LIZETTE RICHARDSON APPOINTED SUPERINTENDENT AT LAKE MEAD NATIONAL RECREATION AREA

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Date: August 20, 2015

National Park Service
U.S. Department of the Interior 

LAKE MEAD NATIONAL RECREATION AREA News Release 

For Immediate Release: August 20, 2015
Release No.: 2015-56
Contact: 702-293-8691

LIZETTE RICHARDSON APPOINTED SUPERINTENDENT AT LAKE MEAD NATIONAL RECREATION AREA

Lizette RichardsonSAN FRANCISCO –Lizette Richardson has been appointed as superintendent of Lake Mead National Recreation Area, a large and heavily-visited park that straddles the border between Nevada and Arizona. She succeeds William Dickinson, who retired from the National Park Service. Richardson previously worked at the park and will begin her new assignment in early October.

"Lizette is an outstanding addition to the senior executive leadership at the National Park Service," said National Park Service Director Jonathan B. Jarvis. "She brings a deep background in park operations and knowledge of Lake Mead National Recreation Area's extraordinary landscape. I'm confident that her leadership will help the park reach new audiences as the National Park Service celebrates 100 years and prepares for our second century of service."

Richardson is currently the Chief of the Construction Program Management Division in the National Park Service's national office in Denver, Colorado, where she is responsible for developing policy, program formulation, and implementation of planning, design and construction for all National Park Service major capital improvement programs.

During her current tenure, she was involved in the review of projects funded through the Hurricane Sandy Recovery Appropriation, and has been instrumental in ensuring that all design and construction projects met rigorous requirements for sustainability and other factors. One of her key accomplishments was developing policy to address the impacts of natural hazards and climate change on facilities across the entire National Park Service.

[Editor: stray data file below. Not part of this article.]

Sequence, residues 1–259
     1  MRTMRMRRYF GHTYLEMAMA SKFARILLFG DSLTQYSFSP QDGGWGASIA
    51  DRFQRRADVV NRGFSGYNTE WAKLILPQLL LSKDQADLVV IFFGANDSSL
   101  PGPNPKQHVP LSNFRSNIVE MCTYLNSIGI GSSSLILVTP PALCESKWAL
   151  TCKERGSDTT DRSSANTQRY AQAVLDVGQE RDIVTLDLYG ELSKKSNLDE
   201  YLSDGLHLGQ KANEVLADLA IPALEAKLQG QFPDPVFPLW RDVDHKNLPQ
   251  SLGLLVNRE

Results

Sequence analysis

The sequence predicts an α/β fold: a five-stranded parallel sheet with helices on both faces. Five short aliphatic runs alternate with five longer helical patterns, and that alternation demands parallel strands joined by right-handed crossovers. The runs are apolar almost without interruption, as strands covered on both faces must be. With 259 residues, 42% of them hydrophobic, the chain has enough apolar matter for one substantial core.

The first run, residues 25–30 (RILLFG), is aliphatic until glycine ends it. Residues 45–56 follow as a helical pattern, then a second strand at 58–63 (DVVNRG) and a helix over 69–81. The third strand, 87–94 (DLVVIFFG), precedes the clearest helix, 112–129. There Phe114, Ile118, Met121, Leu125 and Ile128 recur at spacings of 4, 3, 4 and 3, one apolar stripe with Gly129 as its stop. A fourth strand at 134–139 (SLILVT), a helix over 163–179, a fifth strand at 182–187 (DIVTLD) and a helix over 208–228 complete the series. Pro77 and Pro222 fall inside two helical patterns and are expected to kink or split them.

Richardson worked at Lake Mead National Recreation Area from November 2004 to June 2013 as the Chief of Maintenance and Engineering. In this role, she was responsible for the planning, design, construction, and oversight of many varied projects, including over $200 million in funding for park infrastructure improvements and visitor enhancements, as well as day-to-day park maintenance operations.She also served as the acting superintendent at Joshua Tree National Park in 2010 where she oversaw operations for the 790,000-acre park.

"I'm looking forward to the challenges in protecting the world-class resources at Lake Mead National Recreation Area," said Richardson. "I feel truly blessed to be able to come back to the park where I started my NPS career and work with such a dedicated, professional team.It's an exciting time with the NPS Centennial right around the corner, and I also look forward to working with the community, partners, and stakeholders, as well as the newly established park, Tule Springs Fossil Beds National Monument, and Grand Canyon-Parashant National Monument."

Prior to coming to the National Park Service, Richardson was a project manager with the U.S. Army Corps of Engineers, where she was responsible for multi-million dollar civil works projects, including a $344 million flood control project.Richardson has managed several offices at U.S. Air Force installations and has also worked as an engineer in the private sector for Holmes and Narver and TRW, Inc. She holds a B.S. in civil engineering from Manhattan College and is a registered professional engineer in the state of Nevada. She enjoys golfing, traveling, and spending time with her family.

At nearly 1.5 million acres with close to 7 million visitors in 2014, Lake Mead National Recreation Area is one of the largest and most visited units in the National Park System. It encompasses two large reservoirs, Lake Mead and Lake Mohave, providing diverse inland water recreational opportunities in an otherwise arid environment. While it is best known for its water recreation, the park also has substantial natural and cultural resources, and includes nine designated wilderness areas. For more information go to www.nps.gov/lake.

-NPS-



Last updated: August 25, 2015

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